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A look inside the new Obamacare enrollment numbers

Today HHS released new Obamacare enrollment numbers.
Today HHS released new Obamacare enrollment numbers.
Screenshot by Ryan Witt

Today the Department of Health and Human Services released a new issue brief detailing enrollments in the Affordable Care Act, otherwise known as Obamacare, through April 18. A summary of those numbers can be seen here. The biggest number is 8,019,863, which is the total number people enrolled in Marketplace plans through state-based and federal exchange. That number exceed the 7 million enrollment goal the Obama administration set for itself at the beginning of the open enrollment period on October 1. There was a particular surge in enrollment in March, when a total of 3.8 million signed up for coverage which was a 90 percent growth rate over February's numbers. Of the 8 million who enrolled, the insurance companies report that approximately 80 to 90 percent have paid their first premium. Here is a closer breakdown of the enrollment numbers using the HHS full issue brief, which can be read here.

Of the 8 million total enrollments, 2.2 million (28 percent) consisted of people between the ages of 18 and 34. This demographic is seen as key to keeping premiums low in the exchanges. The 28 percent number falls short of the administration's goal of 40 percent, but is still seen as high enough to keep premiums from rising at a high rate next year. Nearly 1.2 million (over half) of the 18-34 year-old's who enrolled waited until the last month of to enroll.

When choosing a insurance individuals had a choice between bronze, silver, gold, and platinum level plans. Bronze is the lowest level of coverage with higher deductibles, copays, etc. The administration was hoping more individuals would select silver-level plans, or higher, and their hopes seem to have been confirmed. Of the 8 million who enrolled, just 20 percent selected a bronze plan, compared to 65 percent a silver plan, 9 percent a gold plan, and 5 percent a platinum plan.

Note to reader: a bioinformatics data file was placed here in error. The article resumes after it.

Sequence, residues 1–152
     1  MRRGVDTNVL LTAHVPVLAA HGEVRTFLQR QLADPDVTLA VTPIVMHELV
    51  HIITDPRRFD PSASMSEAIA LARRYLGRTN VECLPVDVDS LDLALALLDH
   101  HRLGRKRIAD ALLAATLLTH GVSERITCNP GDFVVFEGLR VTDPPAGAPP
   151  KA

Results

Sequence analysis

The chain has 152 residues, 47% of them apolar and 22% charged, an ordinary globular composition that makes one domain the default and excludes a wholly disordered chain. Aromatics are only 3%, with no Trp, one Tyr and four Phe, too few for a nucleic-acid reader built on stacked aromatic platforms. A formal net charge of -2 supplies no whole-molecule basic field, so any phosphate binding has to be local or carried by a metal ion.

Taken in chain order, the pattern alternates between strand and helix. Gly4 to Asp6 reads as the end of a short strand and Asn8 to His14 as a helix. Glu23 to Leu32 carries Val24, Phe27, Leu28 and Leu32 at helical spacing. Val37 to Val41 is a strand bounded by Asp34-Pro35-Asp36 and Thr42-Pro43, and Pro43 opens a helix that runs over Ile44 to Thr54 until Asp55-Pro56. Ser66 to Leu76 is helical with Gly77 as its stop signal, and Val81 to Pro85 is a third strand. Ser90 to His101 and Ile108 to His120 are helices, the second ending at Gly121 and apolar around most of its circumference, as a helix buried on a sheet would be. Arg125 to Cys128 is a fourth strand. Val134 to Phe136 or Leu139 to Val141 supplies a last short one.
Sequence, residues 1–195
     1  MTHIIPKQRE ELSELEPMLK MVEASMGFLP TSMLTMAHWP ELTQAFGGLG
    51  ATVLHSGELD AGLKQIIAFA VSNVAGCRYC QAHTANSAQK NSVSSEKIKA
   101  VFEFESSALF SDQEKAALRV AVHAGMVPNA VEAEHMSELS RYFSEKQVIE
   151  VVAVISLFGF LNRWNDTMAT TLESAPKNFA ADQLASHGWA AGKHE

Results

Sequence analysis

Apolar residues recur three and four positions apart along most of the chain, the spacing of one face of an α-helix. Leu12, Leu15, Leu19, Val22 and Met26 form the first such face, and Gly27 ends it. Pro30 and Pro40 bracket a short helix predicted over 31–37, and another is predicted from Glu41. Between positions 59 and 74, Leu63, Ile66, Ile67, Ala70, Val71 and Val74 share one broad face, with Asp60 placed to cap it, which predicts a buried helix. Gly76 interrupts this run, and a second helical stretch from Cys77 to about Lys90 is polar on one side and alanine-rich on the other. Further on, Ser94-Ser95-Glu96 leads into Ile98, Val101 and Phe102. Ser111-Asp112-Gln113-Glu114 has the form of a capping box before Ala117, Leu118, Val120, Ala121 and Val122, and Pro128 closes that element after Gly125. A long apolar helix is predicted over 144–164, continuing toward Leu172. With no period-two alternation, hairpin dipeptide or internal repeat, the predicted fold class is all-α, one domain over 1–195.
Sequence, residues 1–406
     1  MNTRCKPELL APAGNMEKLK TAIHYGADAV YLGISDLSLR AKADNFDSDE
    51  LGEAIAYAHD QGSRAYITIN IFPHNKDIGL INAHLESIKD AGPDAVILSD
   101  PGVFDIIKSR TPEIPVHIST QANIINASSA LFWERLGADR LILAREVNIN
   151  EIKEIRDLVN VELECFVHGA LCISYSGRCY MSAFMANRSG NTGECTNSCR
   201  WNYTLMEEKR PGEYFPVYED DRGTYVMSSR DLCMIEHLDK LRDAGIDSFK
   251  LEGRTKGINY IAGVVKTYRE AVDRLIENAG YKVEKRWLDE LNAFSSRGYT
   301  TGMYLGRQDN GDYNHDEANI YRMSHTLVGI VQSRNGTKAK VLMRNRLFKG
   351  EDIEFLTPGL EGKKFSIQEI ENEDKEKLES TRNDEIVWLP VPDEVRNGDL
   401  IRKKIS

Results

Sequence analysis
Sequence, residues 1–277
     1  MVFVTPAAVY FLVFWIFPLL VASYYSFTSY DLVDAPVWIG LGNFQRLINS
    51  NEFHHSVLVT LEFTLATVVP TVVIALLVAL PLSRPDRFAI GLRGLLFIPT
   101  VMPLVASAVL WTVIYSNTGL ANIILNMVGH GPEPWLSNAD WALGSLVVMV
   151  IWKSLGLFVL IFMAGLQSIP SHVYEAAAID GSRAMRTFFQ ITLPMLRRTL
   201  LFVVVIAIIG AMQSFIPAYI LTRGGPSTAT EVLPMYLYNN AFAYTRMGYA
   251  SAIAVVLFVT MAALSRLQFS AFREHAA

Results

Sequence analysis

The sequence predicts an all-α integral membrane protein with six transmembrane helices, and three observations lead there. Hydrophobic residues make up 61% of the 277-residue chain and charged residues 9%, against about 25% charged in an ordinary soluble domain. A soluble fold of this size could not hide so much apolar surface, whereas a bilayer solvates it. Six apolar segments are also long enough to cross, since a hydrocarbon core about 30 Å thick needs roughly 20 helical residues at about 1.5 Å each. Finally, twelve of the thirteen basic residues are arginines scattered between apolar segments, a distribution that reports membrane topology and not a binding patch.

Approximately 85 percent of those who selected a plan received some form of financial assistance to do so. People who received financial assistance were, not surprisingly, more likely to purchase a silver level plan or higher.

The state with the biggest enrollment number was California with 1,405,102 enrolled. That number is hardly a surprise since California has the biggest population, by far, of any state in America. Some surprises were Florida (983,775) and Texas (733,757) which put up good enrollment numbers despite having state governments which did not support Medicaid expansion and the Affordable Care Act in general. In contrast, New York, which has a population roughly equal to those two states, had only 370,451 enrollments.

States with disappointing enrollment totals, when placed next to states with comparable populations, include Minnesota (48,495), New Jersey (161,775), Oregon (68,308), and Ohio (154,668). Minnesota and Oregon had state-based exchanges, and both have had a rough time in their first year. Oregon, in particular, has been a state-run disaster story in the first ACA open enrollment and the federal government is now set to take over that system.

Some other notable states with impressive totals included Georgia (316,543), North Carolina (357,584), and Virginia (216.356). All three of those states actually had federally run marketplaces.


There was a very wide variation in the enrollment numbers by state. The difference in success from state-to-state will make for an interesting study in the coming months. Some failures (Oregon) are easy to explain, as are some successes (Kentucky). Others, see Ohio's relative failure and North Carolina's relative success, are less obvious.

The overall enrollment numbers are more than acceptable for the ACA's first year, and the internal numbers are at least sustainable when it comes to age, metal level, etc. After some early stumbles, Obamacare now appears to be taking some key first steps in the marathon that will ultimately determine its fate.

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